Those men and women who resorted to clandestine marriage did so because they wanted to keep their marriage a secret. Such ceremonies were secret because they were not performed with the rites and banns of a public ceremony (although they were performed by a priest), they were conducted far from family and friends, they did not necessarily take place in a church ( common alternatives included private houses, brothels, prisons, alehouses, and coffee shops), and they often took place outside of the typical marriage hours of 8:00 a.m. to noon. The priests performing such ceremonies were often unreliable, and would take bribes to use unofficial marriage forms and certificates, therefore clandestine marriages were often not officially registered.5 Many clandestine marriages (thousands per year) took place in the Fleet Prison in London, and were performed by priests serving time there. Such marriages are referred to as "Fleet Marriages." 6 Ladies, the secrecy of clandestine marriages may appear romantic to you, but do not be fooled! They caused problems for many of the fair members of our elevated class.
As mentioned above, the gentry would usually resort to clandestine marriage when they thought themselves in love with a member of the lower classes. This caused much grief and shame for their families, who of course sought to preserve the integrity of their line, as well as preserve the wealth of their line. A young man who married a servant girl (such as Mr. B. of Pamela fame) was bringing no new wealth into his family, since the servant girl had no dowry to offer. Ladies, this is not the only type of scandal which was permitted to occur in the first half of our great century. The next type of scandal to be described may shock your delicate sensibilities. It happened from time to time, that money-grubbing persons of the lower classes sought to lure innocent, unknowing members of the gentry into a clandestine marriage, just so they could get their hands on their money, and then they would desert them! 7 When women were kidnapped and forced to marry clandestinely, and such marriages would be recognized as being real.8 As Sir Dudley Ryder so articulately expressed in 1753: "...when a young gentleman or lady is entitled to a large estate, the advantage to be got by marrying them is so great, and consequently the temptation so strong, that our laws have never been able to prevent the evil.''9 It also occasionally occurred that women with outstanding debts would clandestinely marry rich men to hide from their creditors, pass those debts on to their new husbands, and then abandon them. While such trickery would not have directly affected ladies like us, we would certainly feel embarrassed for our brothers who entered into such unions. 10 We must also remember that these plotting women reduced the number of available upper class men.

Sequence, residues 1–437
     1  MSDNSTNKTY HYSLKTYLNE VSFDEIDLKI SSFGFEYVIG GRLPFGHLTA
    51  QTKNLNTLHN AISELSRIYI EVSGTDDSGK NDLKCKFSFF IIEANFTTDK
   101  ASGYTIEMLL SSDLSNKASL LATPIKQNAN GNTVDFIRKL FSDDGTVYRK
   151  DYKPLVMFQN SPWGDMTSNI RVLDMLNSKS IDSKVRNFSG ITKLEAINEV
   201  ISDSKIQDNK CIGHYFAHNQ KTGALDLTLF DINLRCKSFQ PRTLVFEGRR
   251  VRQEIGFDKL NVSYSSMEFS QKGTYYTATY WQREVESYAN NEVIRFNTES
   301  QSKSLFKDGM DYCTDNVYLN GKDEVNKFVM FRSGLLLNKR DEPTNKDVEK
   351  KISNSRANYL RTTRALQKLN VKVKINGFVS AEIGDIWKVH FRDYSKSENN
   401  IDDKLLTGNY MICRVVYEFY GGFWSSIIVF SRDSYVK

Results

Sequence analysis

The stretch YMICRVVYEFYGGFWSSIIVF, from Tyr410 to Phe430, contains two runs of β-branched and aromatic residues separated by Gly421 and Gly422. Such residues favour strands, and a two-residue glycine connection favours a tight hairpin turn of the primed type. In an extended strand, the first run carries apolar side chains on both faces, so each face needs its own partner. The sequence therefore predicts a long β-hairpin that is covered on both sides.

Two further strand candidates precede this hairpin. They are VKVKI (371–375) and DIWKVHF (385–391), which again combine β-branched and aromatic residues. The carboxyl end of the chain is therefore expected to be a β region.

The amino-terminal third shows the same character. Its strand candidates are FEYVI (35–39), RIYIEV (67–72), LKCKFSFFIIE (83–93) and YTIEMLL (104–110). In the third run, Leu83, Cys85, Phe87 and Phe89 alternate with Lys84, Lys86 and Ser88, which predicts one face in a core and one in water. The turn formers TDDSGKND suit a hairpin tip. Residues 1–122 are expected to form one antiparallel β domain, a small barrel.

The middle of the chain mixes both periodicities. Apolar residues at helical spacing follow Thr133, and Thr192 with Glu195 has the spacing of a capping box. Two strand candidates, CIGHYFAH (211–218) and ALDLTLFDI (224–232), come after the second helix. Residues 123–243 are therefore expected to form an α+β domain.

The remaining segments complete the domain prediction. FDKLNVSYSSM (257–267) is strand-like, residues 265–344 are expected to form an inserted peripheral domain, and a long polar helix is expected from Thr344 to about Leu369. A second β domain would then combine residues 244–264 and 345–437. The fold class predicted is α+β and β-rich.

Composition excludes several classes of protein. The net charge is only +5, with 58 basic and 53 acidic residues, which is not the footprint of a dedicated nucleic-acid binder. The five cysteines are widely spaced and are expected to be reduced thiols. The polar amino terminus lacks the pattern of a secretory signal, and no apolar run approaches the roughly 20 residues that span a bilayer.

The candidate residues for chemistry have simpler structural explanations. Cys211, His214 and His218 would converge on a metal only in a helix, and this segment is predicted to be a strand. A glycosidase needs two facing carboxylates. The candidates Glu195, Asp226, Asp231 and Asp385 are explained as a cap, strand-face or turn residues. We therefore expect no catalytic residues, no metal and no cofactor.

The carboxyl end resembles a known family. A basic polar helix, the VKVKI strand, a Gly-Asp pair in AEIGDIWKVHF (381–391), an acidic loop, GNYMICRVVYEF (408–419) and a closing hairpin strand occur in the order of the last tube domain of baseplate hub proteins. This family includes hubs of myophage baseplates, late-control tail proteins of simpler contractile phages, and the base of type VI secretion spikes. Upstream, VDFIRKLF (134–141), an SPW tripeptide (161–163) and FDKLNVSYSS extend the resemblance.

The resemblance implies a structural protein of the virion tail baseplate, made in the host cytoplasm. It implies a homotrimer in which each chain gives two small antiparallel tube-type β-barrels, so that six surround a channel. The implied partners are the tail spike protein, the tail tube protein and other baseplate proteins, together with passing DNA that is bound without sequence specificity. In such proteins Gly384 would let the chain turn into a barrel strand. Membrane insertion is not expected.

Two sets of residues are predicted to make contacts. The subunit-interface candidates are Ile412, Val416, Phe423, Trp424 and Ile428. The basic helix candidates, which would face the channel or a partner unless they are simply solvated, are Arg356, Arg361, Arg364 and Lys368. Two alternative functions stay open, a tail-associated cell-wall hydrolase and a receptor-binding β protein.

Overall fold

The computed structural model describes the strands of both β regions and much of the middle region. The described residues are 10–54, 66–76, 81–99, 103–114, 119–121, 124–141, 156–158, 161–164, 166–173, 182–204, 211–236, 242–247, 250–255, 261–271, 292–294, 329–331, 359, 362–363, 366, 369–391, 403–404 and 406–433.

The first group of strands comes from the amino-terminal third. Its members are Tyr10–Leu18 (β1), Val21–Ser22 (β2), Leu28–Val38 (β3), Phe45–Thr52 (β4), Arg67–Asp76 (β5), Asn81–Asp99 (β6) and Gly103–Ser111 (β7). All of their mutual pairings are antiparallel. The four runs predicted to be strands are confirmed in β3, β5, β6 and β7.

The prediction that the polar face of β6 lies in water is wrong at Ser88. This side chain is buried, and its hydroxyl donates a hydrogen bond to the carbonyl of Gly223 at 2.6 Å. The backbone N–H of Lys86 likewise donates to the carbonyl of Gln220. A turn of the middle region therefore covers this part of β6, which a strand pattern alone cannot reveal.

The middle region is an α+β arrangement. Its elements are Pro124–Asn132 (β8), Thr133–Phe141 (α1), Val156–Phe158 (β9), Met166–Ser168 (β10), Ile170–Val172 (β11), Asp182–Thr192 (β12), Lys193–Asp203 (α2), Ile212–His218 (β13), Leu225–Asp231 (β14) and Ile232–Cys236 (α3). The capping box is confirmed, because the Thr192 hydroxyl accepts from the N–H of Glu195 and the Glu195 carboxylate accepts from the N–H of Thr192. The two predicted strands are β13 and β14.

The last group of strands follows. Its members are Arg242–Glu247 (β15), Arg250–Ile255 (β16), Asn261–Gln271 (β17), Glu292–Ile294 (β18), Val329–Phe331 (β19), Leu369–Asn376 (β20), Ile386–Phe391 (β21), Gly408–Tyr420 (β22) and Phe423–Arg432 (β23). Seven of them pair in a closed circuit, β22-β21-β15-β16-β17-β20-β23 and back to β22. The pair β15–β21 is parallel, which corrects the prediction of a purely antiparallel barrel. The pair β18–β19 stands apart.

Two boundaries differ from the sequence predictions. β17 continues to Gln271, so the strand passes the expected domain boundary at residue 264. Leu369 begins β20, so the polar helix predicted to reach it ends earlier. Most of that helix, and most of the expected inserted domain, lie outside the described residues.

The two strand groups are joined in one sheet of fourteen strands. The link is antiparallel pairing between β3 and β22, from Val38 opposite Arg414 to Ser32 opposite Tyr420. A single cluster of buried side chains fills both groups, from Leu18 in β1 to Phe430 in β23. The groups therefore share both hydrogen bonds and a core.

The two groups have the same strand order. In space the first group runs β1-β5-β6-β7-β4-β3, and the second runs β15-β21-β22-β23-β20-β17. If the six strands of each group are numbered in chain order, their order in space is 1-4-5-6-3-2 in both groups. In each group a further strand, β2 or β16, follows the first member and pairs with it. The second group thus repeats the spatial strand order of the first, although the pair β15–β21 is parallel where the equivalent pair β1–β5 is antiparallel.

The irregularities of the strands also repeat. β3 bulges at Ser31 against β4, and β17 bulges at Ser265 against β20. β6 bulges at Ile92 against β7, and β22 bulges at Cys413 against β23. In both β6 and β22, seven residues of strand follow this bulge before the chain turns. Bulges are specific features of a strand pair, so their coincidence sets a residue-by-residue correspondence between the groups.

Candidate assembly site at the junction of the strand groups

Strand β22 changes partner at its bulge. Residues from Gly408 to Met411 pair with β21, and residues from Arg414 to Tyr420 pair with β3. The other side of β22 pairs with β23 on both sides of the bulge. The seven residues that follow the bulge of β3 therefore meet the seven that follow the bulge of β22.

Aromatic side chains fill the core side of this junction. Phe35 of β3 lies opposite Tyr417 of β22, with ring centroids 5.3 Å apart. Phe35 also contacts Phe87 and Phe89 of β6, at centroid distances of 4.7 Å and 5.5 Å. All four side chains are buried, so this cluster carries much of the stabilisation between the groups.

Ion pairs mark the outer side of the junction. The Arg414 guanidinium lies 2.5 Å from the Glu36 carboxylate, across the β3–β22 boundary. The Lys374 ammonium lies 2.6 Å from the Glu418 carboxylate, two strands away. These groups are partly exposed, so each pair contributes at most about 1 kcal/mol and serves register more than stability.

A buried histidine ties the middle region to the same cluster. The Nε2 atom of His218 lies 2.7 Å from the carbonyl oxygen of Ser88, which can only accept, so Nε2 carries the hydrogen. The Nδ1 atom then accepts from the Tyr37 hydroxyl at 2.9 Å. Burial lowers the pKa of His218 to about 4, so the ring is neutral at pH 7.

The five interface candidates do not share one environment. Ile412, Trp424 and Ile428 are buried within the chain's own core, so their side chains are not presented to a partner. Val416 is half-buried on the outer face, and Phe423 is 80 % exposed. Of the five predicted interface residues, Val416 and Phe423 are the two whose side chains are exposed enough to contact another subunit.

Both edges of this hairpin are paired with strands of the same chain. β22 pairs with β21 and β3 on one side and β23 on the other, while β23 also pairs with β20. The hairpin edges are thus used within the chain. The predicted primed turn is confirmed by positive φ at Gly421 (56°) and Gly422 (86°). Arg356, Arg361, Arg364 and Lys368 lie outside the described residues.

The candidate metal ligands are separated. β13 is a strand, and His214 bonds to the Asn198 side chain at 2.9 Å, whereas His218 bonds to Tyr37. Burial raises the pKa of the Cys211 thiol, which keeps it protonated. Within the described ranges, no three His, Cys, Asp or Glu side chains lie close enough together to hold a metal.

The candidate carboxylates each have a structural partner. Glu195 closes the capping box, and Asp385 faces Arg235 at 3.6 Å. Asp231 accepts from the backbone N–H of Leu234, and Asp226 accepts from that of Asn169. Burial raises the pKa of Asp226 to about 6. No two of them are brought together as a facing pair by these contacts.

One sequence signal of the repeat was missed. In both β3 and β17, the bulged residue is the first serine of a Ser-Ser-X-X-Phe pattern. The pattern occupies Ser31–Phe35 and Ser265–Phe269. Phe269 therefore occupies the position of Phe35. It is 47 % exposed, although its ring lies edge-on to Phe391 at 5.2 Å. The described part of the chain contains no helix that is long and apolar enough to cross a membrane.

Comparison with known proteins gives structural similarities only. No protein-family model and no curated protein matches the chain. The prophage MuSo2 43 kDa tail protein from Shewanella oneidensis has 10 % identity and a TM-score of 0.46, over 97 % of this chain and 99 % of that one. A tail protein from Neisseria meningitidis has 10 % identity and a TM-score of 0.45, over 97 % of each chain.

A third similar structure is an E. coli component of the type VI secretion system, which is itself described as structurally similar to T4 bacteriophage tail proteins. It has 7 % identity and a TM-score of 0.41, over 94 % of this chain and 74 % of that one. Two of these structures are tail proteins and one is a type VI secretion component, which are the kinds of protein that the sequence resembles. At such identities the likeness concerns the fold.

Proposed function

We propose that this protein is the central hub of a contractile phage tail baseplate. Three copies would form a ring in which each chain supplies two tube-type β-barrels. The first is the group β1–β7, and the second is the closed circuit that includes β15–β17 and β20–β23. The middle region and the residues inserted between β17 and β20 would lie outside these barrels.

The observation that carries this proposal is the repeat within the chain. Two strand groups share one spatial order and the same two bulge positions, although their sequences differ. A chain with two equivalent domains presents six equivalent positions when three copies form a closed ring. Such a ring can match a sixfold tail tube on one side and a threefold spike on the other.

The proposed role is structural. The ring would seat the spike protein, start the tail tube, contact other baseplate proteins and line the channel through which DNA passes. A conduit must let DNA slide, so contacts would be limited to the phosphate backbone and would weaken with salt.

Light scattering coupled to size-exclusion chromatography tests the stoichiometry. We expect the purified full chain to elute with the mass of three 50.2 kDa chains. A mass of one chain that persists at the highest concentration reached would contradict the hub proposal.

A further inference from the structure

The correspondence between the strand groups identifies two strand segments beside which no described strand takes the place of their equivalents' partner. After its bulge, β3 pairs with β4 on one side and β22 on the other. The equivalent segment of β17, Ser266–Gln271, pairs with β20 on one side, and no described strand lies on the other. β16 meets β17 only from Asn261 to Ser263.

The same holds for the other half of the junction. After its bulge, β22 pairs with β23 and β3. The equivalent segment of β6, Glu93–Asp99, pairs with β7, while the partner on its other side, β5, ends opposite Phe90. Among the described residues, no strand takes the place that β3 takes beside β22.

Specific Problems with Clandestine Marriages
Some of the other problems caused by clandestine marriages included desertion and bigamy. Especially in the lower classes, men would promise women that they would marry them, and since the woman took this promise to be binding, she would sleep with him. But sadly, what often happened was that these women would become pregnant and then the men would desert them. Bigamy became rampant and difficult to control, because men would verbally promise themselves to one woman, desert her, and go on to "marry" another.11 But even if this second marriage was performed publicly in a church, it was not considered official, since the man's verbal vows to the first woman legally bound him to her as her husband.12 Another quote from Sir Dudley can show us the problems caused by clandestine marriages: "every gentleman that has been conversant in the practice of the law knows, what a number of expensive law suits are thereby occasioned about the legitimacy of children; and how difficult it often is to determine whether the parents were married or no: nay, sometimes a clandestine marriage is set up after a man's death, which was never heard of in his life time, and by an incontestable proof, which by ways and means may be obtained, his whole effects are carried away from his relations by the children of a woman whom he never acknowledged as his wife." 13 To learn more about such problems, please refer to our article "Why Quarrel?"